3 Things You Have To Know About Electric Cars And Why Property Should Love Them
Electric vehicles are coming to a charging point near you, and they are coming sooner than you think thanks to government, which says fossil fuel car sales will be phased out by 2035, and to consumer pressure.
Knight Frank have looked at what this means for UK real estate. These are the three key takeaways.
1. Workplaces: Your Tenants Will Like You
Charge points will be vital to encouraging tenants to renew leases and attract new occupiers, Knight Frank said. This matters a lot to business parks where commuter accessibility by car is vital to their survival. “Responding to occupiers’ needs demonstrates a receptive and committed landlord; improving tenant-landlord relationships and therefore the customer experience,” the Knight Frank report said. This probably means they are more likely to pay the rent.
2. Retail: EV Charging Could Help To Rescue Your Shopping Centre
EV charging is slow: BMW and Porsche, have created a 450 kilowatt prototype charger that can deliver a charge of up to 60 miles in only three minutes, but today few can do the job in less than 20 minutes. This means increased dwell-time of up to 50% at retail sites, which in turn means average increased spending of £80. As well as helping shopping centres, this could mean more spending opportunities at expanded motorway service stations.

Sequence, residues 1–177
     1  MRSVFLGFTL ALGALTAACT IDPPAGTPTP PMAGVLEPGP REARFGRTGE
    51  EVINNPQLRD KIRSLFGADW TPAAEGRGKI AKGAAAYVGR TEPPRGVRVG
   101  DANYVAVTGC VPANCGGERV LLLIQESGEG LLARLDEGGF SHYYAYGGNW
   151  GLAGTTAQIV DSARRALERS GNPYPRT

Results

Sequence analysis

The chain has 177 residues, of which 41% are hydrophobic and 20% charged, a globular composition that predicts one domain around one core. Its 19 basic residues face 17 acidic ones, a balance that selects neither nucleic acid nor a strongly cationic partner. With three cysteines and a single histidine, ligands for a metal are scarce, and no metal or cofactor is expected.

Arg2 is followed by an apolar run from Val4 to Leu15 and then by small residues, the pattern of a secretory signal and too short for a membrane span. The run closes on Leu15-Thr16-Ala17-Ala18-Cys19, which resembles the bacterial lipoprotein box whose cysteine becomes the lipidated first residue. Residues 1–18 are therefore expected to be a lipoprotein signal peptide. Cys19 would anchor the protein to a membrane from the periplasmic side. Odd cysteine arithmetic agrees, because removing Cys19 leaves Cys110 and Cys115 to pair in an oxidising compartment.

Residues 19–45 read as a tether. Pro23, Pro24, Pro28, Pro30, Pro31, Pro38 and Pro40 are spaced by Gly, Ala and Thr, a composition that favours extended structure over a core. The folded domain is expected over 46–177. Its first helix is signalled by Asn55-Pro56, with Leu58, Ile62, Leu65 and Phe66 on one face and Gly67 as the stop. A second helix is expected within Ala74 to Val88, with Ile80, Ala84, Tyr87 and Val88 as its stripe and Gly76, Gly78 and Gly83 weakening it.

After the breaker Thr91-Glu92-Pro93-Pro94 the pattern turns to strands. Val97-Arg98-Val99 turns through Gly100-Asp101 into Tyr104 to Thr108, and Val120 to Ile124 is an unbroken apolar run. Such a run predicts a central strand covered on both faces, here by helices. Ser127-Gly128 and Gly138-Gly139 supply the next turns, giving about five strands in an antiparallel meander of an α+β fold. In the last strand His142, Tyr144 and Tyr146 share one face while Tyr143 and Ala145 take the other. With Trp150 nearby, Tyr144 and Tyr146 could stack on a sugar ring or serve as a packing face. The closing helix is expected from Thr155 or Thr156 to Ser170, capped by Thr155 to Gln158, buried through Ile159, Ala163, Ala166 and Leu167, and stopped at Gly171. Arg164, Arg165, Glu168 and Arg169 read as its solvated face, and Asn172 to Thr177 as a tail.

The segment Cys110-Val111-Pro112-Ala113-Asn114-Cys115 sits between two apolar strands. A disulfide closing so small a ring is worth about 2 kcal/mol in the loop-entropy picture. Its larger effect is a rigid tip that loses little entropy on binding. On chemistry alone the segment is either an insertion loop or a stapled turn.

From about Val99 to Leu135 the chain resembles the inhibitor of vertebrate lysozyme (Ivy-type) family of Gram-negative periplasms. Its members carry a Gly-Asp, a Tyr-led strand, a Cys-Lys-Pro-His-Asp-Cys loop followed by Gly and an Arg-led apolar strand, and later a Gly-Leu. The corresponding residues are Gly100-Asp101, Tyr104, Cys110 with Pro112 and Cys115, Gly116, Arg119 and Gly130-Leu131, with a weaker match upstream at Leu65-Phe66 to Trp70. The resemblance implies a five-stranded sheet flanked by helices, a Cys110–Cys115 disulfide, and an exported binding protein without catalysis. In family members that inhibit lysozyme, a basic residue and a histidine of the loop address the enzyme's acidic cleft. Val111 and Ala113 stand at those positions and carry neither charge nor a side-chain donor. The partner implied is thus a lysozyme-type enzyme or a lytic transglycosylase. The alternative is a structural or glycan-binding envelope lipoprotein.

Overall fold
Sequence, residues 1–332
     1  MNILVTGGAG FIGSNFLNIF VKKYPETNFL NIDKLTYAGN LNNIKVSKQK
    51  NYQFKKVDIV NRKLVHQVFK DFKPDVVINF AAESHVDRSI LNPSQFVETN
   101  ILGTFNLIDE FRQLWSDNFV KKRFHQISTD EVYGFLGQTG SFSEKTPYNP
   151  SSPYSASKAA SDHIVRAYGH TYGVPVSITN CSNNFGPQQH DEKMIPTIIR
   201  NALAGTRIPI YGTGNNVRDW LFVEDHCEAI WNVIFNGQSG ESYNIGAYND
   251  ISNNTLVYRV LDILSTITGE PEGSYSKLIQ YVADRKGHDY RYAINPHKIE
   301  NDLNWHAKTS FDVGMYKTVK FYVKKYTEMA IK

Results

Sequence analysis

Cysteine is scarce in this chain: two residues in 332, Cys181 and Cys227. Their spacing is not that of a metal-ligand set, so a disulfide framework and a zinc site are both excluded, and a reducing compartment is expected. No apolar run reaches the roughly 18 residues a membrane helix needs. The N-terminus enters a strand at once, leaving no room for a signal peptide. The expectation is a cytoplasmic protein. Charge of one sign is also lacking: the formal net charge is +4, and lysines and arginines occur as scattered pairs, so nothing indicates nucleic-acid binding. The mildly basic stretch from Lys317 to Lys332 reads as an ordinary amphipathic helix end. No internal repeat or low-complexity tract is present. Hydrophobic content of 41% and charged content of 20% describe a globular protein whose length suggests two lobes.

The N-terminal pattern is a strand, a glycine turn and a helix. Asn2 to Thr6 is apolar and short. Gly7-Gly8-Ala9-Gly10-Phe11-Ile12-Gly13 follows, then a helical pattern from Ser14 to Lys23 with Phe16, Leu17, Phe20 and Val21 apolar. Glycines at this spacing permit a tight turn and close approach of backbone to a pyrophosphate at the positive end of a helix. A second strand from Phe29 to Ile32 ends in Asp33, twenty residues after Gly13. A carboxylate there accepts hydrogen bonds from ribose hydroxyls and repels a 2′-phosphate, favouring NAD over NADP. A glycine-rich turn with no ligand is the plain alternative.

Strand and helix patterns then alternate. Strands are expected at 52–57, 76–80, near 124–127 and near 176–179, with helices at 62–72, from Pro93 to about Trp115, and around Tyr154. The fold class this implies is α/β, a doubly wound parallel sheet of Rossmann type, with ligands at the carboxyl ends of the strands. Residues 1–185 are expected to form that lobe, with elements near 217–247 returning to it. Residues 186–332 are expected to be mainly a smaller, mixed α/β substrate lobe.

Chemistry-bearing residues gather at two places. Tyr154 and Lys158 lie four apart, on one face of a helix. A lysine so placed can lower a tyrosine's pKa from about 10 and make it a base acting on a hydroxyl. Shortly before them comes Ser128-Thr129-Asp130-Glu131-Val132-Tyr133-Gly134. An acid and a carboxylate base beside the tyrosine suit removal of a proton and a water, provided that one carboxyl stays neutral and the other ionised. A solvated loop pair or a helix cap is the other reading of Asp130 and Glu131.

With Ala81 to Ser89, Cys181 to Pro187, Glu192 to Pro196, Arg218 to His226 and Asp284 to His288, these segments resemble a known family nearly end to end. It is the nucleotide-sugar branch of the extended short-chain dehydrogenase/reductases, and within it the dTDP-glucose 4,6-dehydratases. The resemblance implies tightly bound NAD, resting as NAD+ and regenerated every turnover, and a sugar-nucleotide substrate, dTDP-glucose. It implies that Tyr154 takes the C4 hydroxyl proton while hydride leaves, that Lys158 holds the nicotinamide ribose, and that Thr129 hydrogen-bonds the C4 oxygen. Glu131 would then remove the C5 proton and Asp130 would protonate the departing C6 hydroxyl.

In real-world trials in the U.S., ChargePoint partnered with RetailCo, and after nine months of the trial project, dwell times had increased to 72 minutes on average, 50 minutes greater than the previous average, and additional retail revenue at the trial site amounted to $56K per annum.
3. City Residential: You Can Taste The Difference
Thanks to innovations like an online tool launched by COPI in September 2019, air pollution disclosure is having an increasing impact on residential property desirability, and therefore, in time, will impact value. As buyers are able to see the comparative air quality of the location where they are considering buying a property, this will inform buyer decision-making and drive them away from areas with poor air quality. This behaviour will in turn push residential developers to invest more heavily in EV infrastructure within new developments. In short, it will smell sweeter in the neighbourhood of EV chargers.